Fostering Panel will then make a recommendation to the Agency Decision Maker (ADM) regarding their view of your suitability to continue to foster. This might be that your approval remains the same, your changes to reflect a different number or age of children, or that you should not continue to foster. Once the ADM has make the final decision they will write to you to inform you of this, after which you have 28 days in which to decide whether to accept the decision (known as a qualifying determination (QD) or wish to appeal, either back to the fostering panel or to the Independent Review Mechanism (IRM).

Hopefully the outcome of panel will be that the allegation is not proven (unsubstantiated) and that you are able to continue to foster. However, if you wish to discuss the letter from the ADM with Fosterline and seek further advice, please remember to do so within 28 days of the date of the letter as this is the deadline for you to make a representation.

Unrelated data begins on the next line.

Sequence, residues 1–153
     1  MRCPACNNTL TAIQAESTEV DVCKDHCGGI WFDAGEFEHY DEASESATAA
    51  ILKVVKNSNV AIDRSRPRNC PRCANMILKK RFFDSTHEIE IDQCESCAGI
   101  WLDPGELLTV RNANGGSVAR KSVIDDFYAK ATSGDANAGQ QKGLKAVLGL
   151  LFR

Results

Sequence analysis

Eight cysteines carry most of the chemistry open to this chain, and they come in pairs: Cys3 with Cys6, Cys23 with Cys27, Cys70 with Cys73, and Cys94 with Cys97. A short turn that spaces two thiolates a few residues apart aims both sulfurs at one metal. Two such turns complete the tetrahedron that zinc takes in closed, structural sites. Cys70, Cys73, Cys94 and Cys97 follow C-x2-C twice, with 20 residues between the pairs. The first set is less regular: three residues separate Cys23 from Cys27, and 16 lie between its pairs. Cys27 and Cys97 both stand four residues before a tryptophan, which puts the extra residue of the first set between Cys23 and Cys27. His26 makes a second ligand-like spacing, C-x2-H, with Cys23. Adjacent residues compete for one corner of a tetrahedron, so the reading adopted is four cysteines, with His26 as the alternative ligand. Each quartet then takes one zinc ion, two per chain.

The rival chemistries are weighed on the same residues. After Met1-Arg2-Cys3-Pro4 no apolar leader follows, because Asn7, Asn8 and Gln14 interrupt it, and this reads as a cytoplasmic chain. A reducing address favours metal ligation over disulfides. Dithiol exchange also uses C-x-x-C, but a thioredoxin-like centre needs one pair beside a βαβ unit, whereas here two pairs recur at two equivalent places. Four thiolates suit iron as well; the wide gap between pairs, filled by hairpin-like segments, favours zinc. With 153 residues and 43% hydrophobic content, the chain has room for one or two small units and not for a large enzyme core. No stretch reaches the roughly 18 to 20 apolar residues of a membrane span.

Allegations against Foster carers: Frequently Asked Questions

The simple answer is that it is impossible to fully protect yourself against this eventuality.

However, you should work towards avoiding investigations by taking all the necessary steps that will allow you to minimize risk against allegations. Your fostering service should also help you implement useful strategies which will ensure that you keep you and your family as safe as possible.

In situations where there are physical signs of abuse such as bruises or other marks, it is important to consider how these might have been caused. Many children in foster care ‘self-harm’ and scratches or cuts to the wrists and forearms may be a sign of self-abuse.

Bruises can be caused by falls or knocks, sports injuries and fights with other children. Any cuts, scratches or bruises that are noticed on foster children should always be noted by the carer, then entered into daily records and reported to the child’s social worker.

The following should help you to be prepared for receiving a child into your care and reducing the risk of allegations being made.

  • Make sure you have a Placement Plan for the child.